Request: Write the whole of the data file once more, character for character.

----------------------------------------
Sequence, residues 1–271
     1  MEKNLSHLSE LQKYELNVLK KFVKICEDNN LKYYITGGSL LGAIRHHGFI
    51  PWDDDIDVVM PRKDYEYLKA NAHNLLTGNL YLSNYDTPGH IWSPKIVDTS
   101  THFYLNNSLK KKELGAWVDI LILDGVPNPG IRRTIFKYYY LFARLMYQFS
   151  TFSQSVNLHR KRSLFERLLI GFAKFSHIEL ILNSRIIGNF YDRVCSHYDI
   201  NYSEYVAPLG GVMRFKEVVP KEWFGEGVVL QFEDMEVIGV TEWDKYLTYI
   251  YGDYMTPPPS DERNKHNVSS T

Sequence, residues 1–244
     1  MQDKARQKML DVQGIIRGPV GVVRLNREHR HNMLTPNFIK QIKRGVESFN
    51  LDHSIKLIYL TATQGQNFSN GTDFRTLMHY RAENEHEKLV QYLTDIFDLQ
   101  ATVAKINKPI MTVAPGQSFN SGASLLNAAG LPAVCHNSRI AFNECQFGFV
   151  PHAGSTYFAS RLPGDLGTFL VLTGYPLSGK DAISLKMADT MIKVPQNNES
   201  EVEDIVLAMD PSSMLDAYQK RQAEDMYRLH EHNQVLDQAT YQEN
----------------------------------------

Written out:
Sequence, residues 1–271
     1  MEKNLSHLSE LQKYELNVLK KFVKICEDNN LKYYITGGSL LGAIRHHGFI
    51  PWDDDIDVVM PRKDYEYLKA NAHNLLTGNL YLSNYDTPGH IWSPKIVDTS
   101  THFYLNNSLK KKELGAWVDI LILDGVPNPG IRRTIFKYYY LFARLMYQFS
   151  TFSQSVNLHR KRSLFERLLI GFAKFSHIEL ILNSRIIGNF YDRVCSHYDI
   201  NYSEYVAPLG GVMRFKEVVP KEWFGEGVVL QFEDMEVIGV TEWDKYLTYI
   251  YGDYMTPPPS DERNKHNVSS T

Sequence, residues 1–244
     1  MQDKARQKML DVQGIIRGPV GVVRLNREHR HNMLTPNFIK QIKRGVESFN
    51  LDHSIKLIYL TATQGQNFSN GTDFRTLMHY RAENEHEKLV QYLTDIFDLQ
   101  ATVAKINKPI MTVAPGQSFN SGASLLNAAG LPAVCHNSRI AFNECQFGFV
   151  PHAGSTYFAS RLPGDLGTFL VLTGYPLSGK DAISLKMADT MIKVPQNNES
   201  EVEDIVLAMD PSSMLDAYQK RQAEDMYRLH EHNQVLDQAT YQEN